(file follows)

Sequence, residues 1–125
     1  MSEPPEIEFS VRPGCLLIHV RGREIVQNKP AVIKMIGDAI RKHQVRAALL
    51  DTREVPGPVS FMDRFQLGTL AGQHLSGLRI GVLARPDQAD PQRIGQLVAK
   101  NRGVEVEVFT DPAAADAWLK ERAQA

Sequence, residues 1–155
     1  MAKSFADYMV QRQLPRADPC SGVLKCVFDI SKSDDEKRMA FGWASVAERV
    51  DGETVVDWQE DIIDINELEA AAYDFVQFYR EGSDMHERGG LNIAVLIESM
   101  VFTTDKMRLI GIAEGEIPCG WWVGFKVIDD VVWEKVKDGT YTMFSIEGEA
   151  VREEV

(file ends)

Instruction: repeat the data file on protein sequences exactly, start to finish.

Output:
Sequence, residues 1–125
     1  MSEPPEIEFS VRPGCLLIHV RGREIVQNKP AVIKMIGDAI RKHQVRAALL
    51  DTREVPGPVS FMDRFQLGTL AGQHLSGLRI GVLARPDQAD PQRIGQLVAK
   101  NRGVEVEVFT DPAAADAWLK ERAQA

Sequence, residues 1–155
     1  MAKSFADYMV QRQLPRADPC SGVLKCVFDI SKSDDEKRMA FGWASVAERV
    51  DGETVVDWQE DIIDINELEA AAYDFVQFYR EGSDMHERGG LNIAVLIESM
   101  VFTTDKMRLI GIAEGEIPCG WWVGFKVIDD VVWEKVKDGT YTMFSIEGEA
   151  VREEV